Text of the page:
On 11/20/2012 05:53 PM, Jonathan Schleifer wrote:
Am 20.11.2012 um 17:29 schrieb Ingo Weinhold:On 11/20/2012 04:42 PM, Jonathan Schleifer wrote:Am 20.11.2012 um 16:12 schrieb Ingo Weinhold:Rather use size_t.Oh, size_t is ok? I usually always use size_t and even overuse it (a habit after 10 years of coding C ;)), but thought that in C++ unsigned long is preferred, because this seems to be what the STL uses. Changed.We mostly avoid the standard built-in primitive integer types in favor of more expressively named typedefs. The BeOS API often uses int32 for counts/sizes, which is usually OK, since one virtually never uses more than 2 billion elements anyway and, being signed, the type allows for -1 as a special value (invalid index). For pure size/count values like in this case size_t is definitely the right choice (also for the template parameter, BTW :-)).Ah, I'm glad to hear you handle it that way. Most users of C++ unfortunately don't seem to do it, while most users of C do. What I usually do instead of signed is use size_t and return SIZE_MAX for not found / invalid / error. Is that ok in the Haiku world or is using a signed type preferred?
I can't think of a case where it is done that way in the Haiku's API, so I'd rather stick with a signed type. With Haiku error codes being negative it is also common to use a signed return type in cases where discriminating between different error conditions is desirable (e.g. BFile::Read()/Write()).
In other cases it possibly makes the code harder to read.In this case it looks ok, IMHO. You declared the object before, so you *know* it's not a function :).
Well, if you know the code, reading it is usually easy. Ideally code is written in a way that you don't have to read the whole function (or even class/file) to understand a part of it. That's why using unusual constructs should rather be avoided.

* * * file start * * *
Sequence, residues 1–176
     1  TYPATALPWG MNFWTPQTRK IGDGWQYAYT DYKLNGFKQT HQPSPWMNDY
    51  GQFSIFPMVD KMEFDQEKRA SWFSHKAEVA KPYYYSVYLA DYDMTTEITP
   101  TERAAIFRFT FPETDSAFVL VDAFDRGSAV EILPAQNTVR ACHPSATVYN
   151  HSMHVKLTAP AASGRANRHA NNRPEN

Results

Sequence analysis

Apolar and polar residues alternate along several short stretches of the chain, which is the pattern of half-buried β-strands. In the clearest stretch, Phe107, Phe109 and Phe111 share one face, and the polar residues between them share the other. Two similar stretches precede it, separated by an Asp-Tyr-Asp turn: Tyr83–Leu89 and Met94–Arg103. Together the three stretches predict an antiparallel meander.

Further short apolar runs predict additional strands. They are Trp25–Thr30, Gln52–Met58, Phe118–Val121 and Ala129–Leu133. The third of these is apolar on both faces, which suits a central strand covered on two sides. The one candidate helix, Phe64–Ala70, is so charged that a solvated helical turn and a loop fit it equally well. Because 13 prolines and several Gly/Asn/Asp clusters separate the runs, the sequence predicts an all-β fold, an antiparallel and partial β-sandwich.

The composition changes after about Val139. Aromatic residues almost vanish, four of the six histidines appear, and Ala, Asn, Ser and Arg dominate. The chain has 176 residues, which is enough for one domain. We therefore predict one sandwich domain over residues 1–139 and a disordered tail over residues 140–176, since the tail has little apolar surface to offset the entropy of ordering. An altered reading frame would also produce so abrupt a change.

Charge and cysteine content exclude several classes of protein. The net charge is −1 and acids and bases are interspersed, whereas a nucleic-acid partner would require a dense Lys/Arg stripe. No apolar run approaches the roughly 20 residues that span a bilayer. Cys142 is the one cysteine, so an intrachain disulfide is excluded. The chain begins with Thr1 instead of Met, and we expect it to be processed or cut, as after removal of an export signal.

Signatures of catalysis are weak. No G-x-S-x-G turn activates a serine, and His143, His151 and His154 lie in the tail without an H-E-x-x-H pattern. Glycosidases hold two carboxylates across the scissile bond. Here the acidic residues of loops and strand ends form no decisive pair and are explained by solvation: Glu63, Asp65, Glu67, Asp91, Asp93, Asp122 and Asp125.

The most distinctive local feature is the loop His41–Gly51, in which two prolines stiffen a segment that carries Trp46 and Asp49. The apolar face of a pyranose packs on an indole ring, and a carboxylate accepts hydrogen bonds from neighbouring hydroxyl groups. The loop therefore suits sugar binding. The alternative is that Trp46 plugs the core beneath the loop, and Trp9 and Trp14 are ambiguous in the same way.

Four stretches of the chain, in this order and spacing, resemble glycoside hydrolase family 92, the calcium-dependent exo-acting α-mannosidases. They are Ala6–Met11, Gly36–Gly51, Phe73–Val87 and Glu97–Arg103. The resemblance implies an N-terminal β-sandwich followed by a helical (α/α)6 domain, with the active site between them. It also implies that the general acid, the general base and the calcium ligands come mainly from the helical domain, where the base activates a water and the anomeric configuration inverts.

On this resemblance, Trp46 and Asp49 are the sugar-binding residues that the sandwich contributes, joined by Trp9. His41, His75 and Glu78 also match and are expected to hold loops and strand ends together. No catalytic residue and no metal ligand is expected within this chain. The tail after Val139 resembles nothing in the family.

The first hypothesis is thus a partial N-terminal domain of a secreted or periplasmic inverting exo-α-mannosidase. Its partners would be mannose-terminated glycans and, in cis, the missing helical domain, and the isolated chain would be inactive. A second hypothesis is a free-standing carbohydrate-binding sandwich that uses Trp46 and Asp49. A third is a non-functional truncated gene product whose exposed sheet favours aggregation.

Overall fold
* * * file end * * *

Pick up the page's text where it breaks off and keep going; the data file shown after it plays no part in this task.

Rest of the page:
For the same reason Haiku's coding style requires the use of unabbreviated names for identifiers. Having readable code far outweighs saving a few key strokes while typing.
A cast operator for Type* would be nice. And if you also add the * and -> operators, one would virtually never have to call Array() anyway.That would only be evaluated if explicitly casted, right? Or will this also be evaluated when implicitly casted? If the latter is the case, this would basically mean that in most cases no operator at all is needed.
The cast operator is also used for implicit conversion.
As for * and ->, I don't see how this would be useful or look natural. Accessing the first element is rarely done with * and if it is on an array, I'd even say it's bad style. As for ->, that makes no sense at all, IMHO: The -> operator can't be used on an array.
Since arrays and pointers are equivalent in C/C++ * and -> do work. I agree, though, that accessing the first element via  subscript is preferable.
Ideally, you'd be able to use it exactly like an array, without any difference. And adding () when needing a pointer seemed like the smallest difference possible ;). That is, if the implicit casting does not work.
Fortunately it does work. :-)
(Sorry for not knowing whether this is only for explicit or also for implicit casts - as I said, I come from a C background and while I have spent the last 10 years writing mostly C (and later ObjC), I have never dug really deep into the C++ as all C++ code I've seen before I read Haiku code just looked really ugly and made the language look badly designed - luckily, Haiku could change my opinion of C++, though ;))
Good to hear. :-) CU, Ingo